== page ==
How Video Glasses Work

Video glasses aren’t a new idea in the high-tech world, in which they’ve been known as a kind of head-mounted display (HMD). They’re also called personal media viewers. No matter what you prefer to dub them, you can’t deny that HMD technology has improved tremendously in the past couple decades. When first widely introduced to the market in the 1990s, consumers were underwhelmed with the results [source: Lubell]. In the form of bulky, ridiculous-looking helmets, such impractical novelty gadgets failed to entice buyers.
Video Glasses Work
Today, they might be ready for a comeback. Modern video glasses usually take the form of relatively lightweight glasses. At first glance, some versions look like an average pair of sunglasses. Others have a more futuristic appearance that reminds many of the iconic eye-visor donned by the “Star Trek” character Geordi La Forge.
They all perform the same basic function, however. Next, we’ll take a look at how these glasses display images.

Mechanics of Video Glasses

­How do these gadgets give you the illusion of sitting in front of a big-screen television? The patents filed for a few of these cutting-edge video glasses offer us some helpful insight.
The displays typically use liquid crystal displays (LCDs) or organic light emitting diodes (OLEDs). A lens magnifies these tiny displays so viewers feel as if they’re sitting in front of a large screen. Video glasses come equipped with audio equipment, often in the form of earbud headphones that hang from the headpiece. A battery pack and media player connect to the glasses through wires.
The mechanics of video glasses are designed to capitalize on an amazing function of our vision perception. Most video glasses display two images — one for each individual eye. When aligned correctly, video glasses allow our brains to make a composite image of the two displays. This allows us to sense depth. Putting together images to form one 3-D image in our brain is known as stereopsis.
The advanced video glasses that strive for this 3-D illusion are binocular. Simpler, two-dimensional varieties are biocular. Whereas binocular glasses display two slightly different images to each eye, biocular head-mounted displays (HMDs) project one image that is seen by both eyes. Hybrids, which use a combination of binocular and biocular methods, split the video image into two parts. From these parts, your brain creates a single composite image. The more well-known video glasses on the market are hybrids.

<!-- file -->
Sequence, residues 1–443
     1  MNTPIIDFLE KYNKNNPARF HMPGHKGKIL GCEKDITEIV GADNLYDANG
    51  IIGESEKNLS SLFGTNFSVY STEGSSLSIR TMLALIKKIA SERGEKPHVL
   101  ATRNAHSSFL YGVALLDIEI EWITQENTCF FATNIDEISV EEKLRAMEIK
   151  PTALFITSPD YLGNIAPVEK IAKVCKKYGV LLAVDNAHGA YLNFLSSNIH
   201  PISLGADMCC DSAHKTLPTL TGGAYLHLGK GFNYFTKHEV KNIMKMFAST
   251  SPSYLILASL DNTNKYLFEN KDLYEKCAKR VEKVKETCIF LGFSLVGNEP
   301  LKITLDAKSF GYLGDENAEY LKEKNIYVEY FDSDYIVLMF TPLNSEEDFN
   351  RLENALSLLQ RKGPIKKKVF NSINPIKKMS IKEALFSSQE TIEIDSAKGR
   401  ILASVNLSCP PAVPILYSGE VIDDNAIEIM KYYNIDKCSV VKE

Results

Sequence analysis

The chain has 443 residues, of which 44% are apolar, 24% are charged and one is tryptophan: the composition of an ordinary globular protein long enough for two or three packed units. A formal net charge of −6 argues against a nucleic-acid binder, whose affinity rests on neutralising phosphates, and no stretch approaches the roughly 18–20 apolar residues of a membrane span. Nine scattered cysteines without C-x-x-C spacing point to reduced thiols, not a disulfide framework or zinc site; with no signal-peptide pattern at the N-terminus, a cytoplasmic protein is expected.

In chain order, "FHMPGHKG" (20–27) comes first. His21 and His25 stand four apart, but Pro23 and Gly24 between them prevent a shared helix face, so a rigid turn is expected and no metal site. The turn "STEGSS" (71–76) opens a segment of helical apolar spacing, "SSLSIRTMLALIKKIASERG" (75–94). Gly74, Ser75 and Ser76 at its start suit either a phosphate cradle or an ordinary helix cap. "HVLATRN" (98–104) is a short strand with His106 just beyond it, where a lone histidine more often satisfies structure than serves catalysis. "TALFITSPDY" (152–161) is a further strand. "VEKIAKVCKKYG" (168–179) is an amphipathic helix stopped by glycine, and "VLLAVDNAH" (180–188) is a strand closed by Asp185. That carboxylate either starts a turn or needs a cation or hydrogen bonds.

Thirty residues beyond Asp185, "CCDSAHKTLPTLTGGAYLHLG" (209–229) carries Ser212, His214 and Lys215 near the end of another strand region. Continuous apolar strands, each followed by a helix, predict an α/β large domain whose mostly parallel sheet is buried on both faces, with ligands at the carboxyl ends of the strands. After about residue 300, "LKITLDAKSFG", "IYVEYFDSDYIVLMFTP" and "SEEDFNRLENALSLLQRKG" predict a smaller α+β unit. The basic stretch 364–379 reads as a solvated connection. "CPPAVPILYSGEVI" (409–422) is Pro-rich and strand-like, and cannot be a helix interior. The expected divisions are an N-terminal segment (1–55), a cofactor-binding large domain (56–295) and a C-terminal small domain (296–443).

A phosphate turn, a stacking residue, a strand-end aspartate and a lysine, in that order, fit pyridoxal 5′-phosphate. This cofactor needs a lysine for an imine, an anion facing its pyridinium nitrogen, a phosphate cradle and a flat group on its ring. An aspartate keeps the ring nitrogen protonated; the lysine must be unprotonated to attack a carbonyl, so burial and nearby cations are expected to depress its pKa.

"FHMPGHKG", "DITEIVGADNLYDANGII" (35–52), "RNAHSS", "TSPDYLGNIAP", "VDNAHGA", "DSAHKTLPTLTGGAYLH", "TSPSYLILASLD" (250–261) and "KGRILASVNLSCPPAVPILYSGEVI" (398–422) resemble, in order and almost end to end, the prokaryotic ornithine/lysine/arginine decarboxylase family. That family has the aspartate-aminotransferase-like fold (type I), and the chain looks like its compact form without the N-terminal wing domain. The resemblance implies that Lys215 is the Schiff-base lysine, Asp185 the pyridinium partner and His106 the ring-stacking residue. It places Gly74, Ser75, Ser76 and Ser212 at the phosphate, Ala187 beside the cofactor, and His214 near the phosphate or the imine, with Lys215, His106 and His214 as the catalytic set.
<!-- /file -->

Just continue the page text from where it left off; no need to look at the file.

Among HMDs, many video glasses fall into the immersive category. Immersive glasses take the viewer completely out of his or her surroundings. When you have on an immersive HMD, you won’t be able to see anything around you. Other glasses are nonimmersive, meaning that the viewer can at least partially see his or her surroundings.
When you want an immersive video experience, most agree that bigger is better. This is one fundamental drawback to watching video on portable players with small screens such as iPods and cell phones. Developers are working to increase the field of view (FOV) of video glasses. Our eyes have a natural horizontal FOV of about 180 degrees, but video glasses offer smaller FOVs (ranging in the 20s, usually). This is partly due to the technology used to film videos in the first place [source: Tang]. When the image contains only so many pixels, enlarging them too much will result in poor resolution [source: Cakmakei].

For more Detail: How Video Glasses Work

About The Author

Ibrar Ayyub

Ibrar Ayyub is an experienced technical writer with a Master's degree in computer science from BZU Multan University. He has written for various industries, mainly home automation, and engineering. He has a clear and simple writing style and is skilled in using infographics and diagrams. He is a great researcher and is able to present information in a well-organized and logical manner.

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